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The National Center for Employee Ownership (NCEO) recently analyzed 1,232 leveraged ESOP transactions at three large banks found 1.3% of ESOP companies in the sample defaulted on their loans in a way that imposed losses on their creditors for loans in effect between 2009 and 2013, or an annual rate of 0.2%. The defaults accounted for 1.5% of the total value of the ESOP loan portfolio for these companies during this period. The bank data were only available for defaults imposing losses; the data presented here do not include defaults that resulted in loan restructuring where the loans were ultimately repaid or were being paid on the new schedule.

In a parallel analysis, the NCEO also asked ESOP appraisal firms to provide us data on defaults among the ESOP companies they appraised between 2009 and 2013. Eighteen firms were able to report data on 845 companies over the study period.  Of these, nine, or 1.1%, or an annual rate of 0.2%, defaulted in a way that imposed losses on their creditors, while 26 (3.1%, or an annual rate of 0.6%) had to restructure their loans but had repaid or were repaying their loans currently.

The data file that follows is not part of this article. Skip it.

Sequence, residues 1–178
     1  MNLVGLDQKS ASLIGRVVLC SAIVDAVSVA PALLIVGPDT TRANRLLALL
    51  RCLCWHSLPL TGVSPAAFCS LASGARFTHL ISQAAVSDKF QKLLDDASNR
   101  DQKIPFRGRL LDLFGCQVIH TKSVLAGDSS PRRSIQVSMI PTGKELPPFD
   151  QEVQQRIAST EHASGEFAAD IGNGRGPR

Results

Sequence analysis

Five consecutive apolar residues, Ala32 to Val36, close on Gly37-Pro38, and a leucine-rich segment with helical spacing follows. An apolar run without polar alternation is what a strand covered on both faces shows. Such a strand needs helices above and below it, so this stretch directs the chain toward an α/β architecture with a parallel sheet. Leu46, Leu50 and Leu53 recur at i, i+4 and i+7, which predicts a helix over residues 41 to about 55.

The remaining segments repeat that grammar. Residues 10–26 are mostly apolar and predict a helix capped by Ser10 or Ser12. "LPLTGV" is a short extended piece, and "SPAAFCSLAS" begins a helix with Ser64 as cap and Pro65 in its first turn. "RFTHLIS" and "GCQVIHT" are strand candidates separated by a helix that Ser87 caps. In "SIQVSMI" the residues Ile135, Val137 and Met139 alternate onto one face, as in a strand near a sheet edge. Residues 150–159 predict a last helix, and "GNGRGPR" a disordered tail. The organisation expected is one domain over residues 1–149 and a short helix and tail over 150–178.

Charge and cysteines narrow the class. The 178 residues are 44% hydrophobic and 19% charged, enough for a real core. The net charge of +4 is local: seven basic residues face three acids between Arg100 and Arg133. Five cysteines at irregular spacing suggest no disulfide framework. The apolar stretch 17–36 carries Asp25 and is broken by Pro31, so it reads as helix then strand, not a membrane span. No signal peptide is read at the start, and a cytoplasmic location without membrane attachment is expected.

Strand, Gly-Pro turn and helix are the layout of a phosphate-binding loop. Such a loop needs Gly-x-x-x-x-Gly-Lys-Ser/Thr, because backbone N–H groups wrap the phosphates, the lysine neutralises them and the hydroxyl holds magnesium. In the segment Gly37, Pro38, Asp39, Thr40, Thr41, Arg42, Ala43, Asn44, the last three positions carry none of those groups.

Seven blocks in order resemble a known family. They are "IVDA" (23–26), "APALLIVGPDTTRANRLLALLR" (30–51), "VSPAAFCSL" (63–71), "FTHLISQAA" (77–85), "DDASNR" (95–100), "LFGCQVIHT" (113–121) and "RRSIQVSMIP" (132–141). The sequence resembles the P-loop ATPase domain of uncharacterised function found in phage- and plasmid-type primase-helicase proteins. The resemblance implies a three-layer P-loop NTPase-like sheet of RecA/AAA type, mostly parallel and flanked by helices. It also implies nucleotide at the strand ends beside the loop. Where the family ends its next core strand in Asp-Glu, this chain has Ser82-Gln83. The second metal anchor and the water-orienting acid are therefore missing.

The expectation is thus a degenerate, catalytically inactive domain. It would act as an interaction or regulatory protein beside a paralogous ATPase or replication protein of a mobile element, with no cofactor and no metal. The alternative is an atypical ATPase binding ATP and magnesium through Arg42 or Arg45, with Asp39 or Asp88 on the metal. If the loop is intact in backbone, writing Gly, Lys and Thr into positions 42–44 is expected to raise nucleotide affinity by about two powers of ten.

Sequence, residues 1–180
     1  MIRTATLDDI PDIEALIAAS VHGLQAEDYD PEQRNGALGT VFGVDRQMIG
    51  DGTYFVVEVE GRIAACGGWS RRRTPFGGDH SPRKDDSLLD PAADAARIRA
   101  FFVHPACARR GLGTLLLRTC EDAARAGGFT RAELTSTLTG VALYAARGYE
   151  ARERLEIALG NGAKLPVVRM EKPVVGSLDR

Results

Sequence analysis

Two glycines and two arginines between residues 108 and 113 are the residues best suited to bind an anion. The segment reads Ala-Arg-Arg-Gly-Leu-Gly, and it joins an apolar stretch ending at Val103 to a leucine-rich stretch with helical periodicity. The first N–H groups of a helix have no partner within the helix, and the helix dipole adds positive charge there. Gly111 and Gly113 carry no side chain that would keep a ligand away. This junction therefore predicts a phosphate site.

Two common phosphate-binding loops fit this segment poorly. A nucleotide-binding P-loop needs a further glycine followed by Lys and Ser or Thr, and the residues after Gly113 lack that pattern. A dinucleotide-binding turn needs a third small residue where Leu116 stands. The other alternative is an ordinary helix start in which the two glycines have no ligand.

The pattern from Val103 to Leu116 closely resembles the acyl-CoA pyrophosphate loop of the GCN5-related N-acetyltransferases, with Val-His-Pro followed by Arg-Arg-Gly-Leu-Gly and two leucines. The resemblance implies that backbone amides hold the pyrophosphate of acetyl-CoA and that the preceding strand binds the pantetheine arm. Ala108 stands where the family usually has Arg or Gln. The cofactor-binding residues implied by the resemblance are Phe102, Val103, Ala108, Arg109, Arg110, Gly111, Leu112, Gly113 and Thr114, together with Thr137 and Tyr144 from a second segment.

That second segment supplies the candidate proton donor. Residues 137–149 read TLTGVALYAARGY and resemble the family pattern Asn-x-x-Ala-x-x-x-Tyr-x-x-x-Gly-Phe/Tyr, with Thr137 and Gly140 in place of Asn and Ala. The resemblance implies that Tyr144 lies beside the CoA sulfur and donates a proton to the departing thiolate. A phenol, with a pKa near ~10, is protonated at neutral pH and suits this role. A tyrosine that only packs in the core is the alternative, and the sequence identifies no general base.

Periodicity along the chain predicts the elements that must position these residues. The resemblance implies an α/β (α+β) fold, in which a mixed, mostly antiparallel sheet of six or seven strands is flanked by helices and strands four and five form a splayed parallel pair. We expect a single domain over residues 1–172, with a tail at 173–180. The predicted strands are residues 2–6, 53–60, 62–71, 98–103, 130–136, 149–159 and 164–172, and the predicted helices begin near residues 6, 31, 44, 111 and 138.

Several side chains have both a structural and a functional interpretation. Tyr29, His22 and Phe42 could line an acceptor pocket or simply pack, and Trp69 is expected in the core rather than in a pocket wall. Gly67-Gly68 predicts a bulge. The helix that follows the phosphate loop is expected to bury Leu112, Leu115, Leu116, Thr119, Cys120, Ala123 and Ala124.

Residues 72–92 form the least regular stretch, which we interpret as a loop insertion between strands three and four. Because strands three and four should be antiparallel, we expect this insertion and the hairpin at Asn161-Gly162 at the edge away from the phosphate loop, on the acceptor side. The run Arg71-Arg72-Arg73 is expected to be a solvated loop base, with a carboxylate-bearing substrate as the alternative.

Both the bank data and the data from the appraisal firms come from a wide variety of companies. The loan sizes ranged from less than $1 million to well over $50 million, and companies were in a variety of industries, including especially manufacturing, wholesale, and construction. The number of people employed at the businesses ranged from under 50 to several thousand.

Estimating the default rates on ESOP loans is essential to evaluating two of the most common criticisms of ESOPs, namely that they are excessively risky and appraisals tend to be too aggressive, causing ESOPs to overpay for the shares.  Both criticisms suggest that the default rates on ESOP loans should be high, which does not seem to be the case with the loans included in this sample.

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